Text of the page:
A professional resource for the design curious

Get the latest design news direct to your inbox!

Quantifying human-centered design: Cliff Ho from The Commons

Cliff Ho, CEO and co-founder of co-working group The Commons, pens a think piece that looks at the world of design thinking and how designers can use their talents for better design outcomes.

Quantifying human-centered design: Cliff Ho from The Commons
Cliff Ho, co-founder and CEO of co-working company The Commons.

Cliff Ho, co-founder and CEO of co-working company The Commons.

In today’s world, it’s becoming increasingly important for businesses to constantly adapt and innovate how they approach strategy. Business professionals and entrepreneurs, including architecture and design practices, must break away from conventional ways of problem-solving in order to stay competitive and succeed.

By no means a new concept, Design Thinking was first coined by IDEO in the early nineties. But the methodology has continued to rise in prevalence over the past few years, having been adopted by some of the world’s most successful companies who see its value from both a financial and cultural perspective. 

If we explore the concept further, it is undoubtedly those who underpin their business strategy with Design Thinking that will flourish.

Defining ‘Design Thinking’

The saying ‘everything is by design’ could not be truer when you think about how Design Thinking principles can be applied to your business.

Design Thinking is a systematic, human-centred and design-led approach to decision-making. It addresses the needs of people and utilises the possibilities of technology. The approach considers requirements for business success and identifies future opportunities.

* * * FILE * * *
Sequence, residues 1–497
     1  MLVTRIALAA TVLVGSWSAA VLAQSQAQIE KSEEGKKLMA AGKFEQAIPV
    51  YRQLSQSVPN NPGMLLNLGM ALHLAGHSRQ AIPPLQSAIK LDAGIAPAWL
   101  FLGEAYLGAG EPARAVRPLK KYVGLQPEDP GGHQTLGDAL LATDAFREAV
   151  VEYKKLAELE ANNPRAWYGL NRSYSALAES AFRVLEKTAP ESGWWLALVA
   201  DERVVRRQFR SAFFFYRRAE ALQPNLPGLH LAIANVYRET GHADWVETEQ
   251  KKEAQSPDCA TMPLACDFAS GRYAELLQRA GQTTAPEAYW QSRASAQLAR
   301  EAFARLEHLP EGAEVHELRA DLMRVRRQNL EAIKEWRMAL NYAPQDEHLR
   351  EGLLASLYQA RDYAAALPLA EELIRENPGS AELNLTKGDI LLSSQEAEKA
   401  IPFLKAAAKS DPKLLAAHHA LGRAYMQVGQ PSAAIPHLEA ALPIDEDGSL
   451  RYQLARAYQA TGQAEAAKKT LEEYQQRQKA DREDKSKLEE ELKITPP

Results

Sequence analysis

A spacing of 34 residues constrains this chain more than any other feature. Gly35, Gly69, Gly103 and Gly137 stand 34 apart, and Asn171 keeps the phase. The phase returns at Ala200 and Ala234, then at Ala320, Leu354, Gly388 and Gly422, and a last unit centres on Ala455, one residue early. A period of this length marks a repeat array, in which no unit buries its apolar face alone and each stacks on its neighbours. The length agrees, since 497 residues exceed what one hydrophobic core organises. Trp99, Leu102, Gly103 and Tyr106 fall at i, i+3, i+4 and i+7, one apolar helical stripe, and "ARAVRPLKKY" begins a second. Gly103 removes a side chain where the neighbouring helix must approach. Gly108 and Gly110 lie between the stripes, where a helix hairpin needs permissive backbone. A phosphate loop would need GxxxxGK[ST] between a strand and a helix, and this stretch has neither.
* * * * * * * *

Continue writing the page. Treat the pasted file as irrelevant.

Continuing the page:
What is the key to Design Thinking? It might not be what you expect – empathy. Essentially, using ethnography to determine how what you are creating will be received by the other person and how it will make their lives easier. This way of thinking is moving away from traditional brand and consumer hierarchies and to a model of brand co-creation.

‘Human-centred design’

‘Customer-centric’ has been a buzzword lately, but doesn’t ‘human-centred’ resonate more and add a layer of empathy? Human-centred design is the approach to problem-solving that looks to develop products, services, systems and experiences that address the core needs of those who experience a problem. This technique is based on the emotional connection and experience people have with products and can bring co-creation into play.


The design-led approach builds on the customer-centric or human-centric idea to create a customer-centric journey. This holistic approach encapsulates the touch, feel, emotions, interpretation, intuition, logic and creativity associated with the design. It’s important to remember that design must consider much more than what a product physically looks like.

Standing out from the crowd

You might be wondering whether this approach is right for your business, but the reality is that in order to remain competitive, Design Thinking is paramount.

According to an assessment by the Design Management Institute, design-led companies have outperformed the S&P 500 (widely regarded as the best single gauge equities, the index includes 500 leading companies with indexed assets of approximately USD 3.4 trillion) of large-cap US over the past decade by a staggering 219 per cent.